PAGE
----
Adult Education Need vs. Capacity

Adult Education Need vs. Capacity

DOI: 10.4018/978-1-7998-1147-3.ch007
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The 2004-2014 findings from the District of Columbia Comprehensive Assessment System (DC CAS) and the National Assessment of Educational Progress showed that the District's 4th and 9th graders scored 49th out of 51 states and territories in 2016. The District had switched to the federal PAARC test, and in 2017 it began to implement the Integrated Basic Education and Skills Training (I-BEST) model. Implementing this model means that students will work with two teachers in the classroom: one provides job-training and another who teaches basic skills in reading, math, or English language. The students' historically-low test scores and the implementation of the I-BEST model suggest that CSOSA clients referred to the District's public and charter schools or nonprofit adult education contractors would have been unlikely to have been able to obtain a high school degree or GED credential.
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An Osse Adult Education Program Implementaion Assessment Audit

After reviewing the District of Columbia Comprehensive Assessment System (DC CAS) and the National Assessment of Educational Progress (NAEP) between 2007-2014, the National Research Council summative review found that although student scores had increased, student scores remained all but the lowest in the country and although, graduation rates fluctuated from year to year, with no discernable pattern, they, too, remain disturbingly low (National Research Council, 2015).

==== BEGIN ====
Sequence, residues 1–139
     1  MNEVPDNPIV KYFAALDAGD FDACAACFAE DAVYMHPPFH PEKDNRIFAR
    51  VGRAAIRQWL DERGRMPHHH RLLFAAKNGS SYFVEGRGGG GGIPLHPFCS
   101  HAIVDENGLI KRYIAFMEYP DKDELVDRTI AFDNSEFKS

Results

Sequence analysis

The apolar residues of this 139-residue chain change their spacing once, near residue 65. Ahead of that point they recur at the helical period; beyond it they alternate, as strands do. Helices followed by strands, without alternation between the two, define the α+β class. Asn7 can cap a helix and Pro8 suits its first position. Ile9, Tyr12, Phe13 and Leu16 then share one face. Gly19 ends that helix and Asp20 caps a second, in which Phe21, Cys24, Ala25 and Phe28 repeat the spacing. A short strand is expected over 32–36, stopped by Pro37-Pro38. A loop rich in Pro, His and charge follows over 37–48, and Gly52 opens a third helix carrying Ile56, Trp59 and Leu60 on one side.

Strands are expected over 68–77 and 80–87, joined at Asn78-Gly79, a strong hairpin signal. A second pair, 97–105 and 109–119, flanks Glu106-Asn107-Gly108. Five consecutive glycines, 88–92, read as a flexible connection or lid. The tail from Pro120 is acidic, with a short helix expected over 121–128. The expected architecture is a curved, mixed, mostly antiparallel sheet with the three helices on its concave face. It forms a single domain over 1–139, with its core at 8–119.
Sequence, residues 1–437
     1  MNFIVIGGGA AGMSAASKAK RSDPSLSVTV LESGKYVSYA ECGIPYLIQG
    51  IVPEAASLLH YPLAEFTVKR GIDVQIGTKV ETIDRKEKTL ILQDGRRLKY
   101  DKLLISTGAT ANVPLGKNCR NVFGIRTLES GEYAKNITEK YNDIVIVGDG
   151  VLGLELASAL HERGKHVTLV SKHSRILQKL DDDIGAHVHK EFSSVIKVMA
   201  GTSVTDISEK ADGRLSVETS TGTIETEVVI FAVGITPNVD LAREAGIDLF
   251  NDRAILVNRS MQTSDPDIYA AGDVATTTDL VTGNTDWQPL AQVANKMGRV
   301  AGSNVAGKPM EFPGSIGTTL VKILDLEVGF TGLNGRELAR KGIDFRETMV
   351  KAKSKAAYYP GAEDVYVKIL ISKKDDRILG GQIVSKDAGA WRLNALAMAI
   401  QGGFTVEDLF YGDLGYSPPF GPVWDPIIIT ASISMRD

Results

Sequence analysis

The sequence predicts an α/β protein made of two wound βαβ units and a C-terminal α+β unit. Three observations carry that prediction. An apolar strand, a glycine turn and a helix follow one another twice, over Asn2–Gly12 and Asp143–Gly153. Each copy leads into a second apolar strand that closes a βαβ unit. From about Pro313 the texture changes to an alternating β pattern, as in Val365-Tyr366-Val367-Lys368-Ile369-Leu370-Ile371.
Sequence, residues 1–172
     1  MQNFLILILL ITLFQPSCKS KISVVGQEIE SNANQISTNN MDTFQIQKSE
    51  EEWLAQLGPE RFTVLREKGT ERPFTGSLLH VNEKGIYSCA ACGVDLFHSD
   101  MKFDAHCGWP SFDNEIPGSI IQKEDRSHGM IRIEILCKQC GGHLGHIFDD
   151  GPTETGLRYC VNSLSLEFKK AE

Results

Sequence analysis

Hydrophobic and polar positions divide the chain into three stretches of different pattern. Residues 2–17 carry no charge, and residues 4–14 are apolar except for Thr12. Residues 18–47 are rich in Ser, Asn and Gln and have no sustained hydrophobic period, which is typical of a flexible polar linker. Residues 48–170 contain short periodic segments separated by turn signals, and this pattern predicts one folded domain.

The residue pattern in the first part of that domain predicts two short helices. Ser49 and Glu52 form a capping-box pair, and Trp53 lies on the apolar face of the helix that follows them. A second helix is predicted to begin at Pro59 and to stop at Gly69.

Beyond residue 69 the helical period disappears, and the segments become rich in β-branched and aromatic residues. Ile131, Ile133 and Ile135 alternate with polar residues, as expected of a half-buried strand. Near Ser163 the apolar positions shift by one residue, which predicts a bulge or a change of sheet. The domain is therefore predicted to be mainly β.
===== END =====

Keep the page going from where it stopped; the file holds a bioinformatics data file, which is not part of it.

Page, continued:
The Council called for an interagency-coordinating body to develop a data warehouse and to effectively monitor all of the District’s public schools and student success because the District was composed of 62 public school and 61 charter entities (National Research Council, 2015).

Table 1 shows that 2,306 adults took the high school equivalency exam in 2013, and of those, only 1099 passed the exam.

Table 1.
State GED high school equivalency test performance (2013)

Source: Adapted from National Center for Education Statistics (2017)

This table allows members of both the local and federal Judiciary Committees to assess the degree to which the District prepares its residents to take the GED. However, this table does not indicate the number of probation and parole residents the District prepared to take the GED. Federal Judiciary Committee members could request that the National Center for Education work with the District and CSOSA administrators to determine how many probation and parole clients are prepared annually to take the GED. The next two tables present District education performance on National test and provide federal Judiciary Committee members information by which to judge the District’s ability to prepare residents for educational exams.

Table 2 indicates the performance of District children on national test from 2000 to 2017.

Table 2.
State NAEP test scores

Source: Adapted from National Center for Education Statistics (2017)

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